Re: [PATCH 4/5] Centralise NO_IRQ definition

From: Paul Mackerras
Date: Mon Nov 21 2005 - 18:20:16 EST

Linus Torvalds writes:

> On all PC hardware, having a zero in the PCI irq register basically means
> that no irq is enabled. That's a _fact_. It's a fact however much you may
> not like it. It's how the hardware comes up, and it's how the BIOS leaves
> it. So "0" absolutely does mean "not allocated".

First, are you talking about the interrupt pin register or the
interrupt line register?

Secondly, I would say that any driver that looks at either of those
registers is broken. Drivers should be looking at dev->irq, which is
set up by platform code, and may be quite different from what is in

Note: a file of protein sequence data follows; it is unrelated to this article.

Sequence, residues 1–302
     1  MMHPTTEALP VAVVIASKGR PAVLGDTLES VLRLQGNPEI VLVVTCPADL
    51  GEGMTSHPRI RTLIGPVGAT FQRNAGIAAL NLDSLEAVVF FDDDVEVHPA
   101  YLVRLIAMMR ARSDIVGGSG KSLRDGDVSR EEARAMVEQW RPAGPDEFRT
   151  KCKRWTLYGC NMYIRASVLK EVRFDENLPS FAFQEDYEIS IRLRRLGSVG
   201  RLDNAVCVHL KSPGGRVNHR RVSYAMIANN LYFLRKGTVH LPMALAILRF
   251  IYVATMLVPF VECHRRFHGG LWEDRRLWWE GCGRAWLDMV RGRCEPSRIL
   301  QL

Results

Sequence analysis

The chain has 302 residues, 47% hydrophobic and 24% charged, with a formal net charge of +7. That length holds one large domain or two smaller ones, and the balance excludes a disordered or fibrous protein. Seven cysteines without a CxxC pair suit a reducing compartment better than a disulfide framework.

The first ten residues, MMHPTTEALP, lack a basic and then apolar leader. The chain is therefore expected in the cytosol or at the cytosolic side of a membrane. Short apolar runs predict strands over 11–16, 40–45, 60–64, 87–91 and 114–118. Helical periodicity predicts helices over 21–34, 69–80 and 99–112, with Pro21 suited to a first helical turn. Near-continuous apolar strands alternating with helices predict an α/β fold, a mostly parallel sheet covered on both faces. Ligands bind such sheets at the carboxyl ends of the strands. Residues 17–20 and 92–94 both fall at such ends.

the interrupt line register.

So the question of what PCI devices do with the value in the interrupt
line register is pretty much irrelevant. Those few devices that can
control their interrupt routing (such as cardbus bridges) don't use
the interrupt line register for that AFAIK.

I think all we need is for the convention for drivers to be that they
test for whether the device has an interrupt is to test (dev->irq !=
NO_IRQ). Then x86 can have NO_IRQ = 0 and PPC can have NO_IRQ = -1
and I think everyone is happy (well, nearly everyone, anyway :).

To unsubscribe from this list: send the line "unsubscribe linux-kernel" in
the body of a message to majordomo@xxxxxxxxxxxxxxx
More majordomo info at
Please read the FAQ at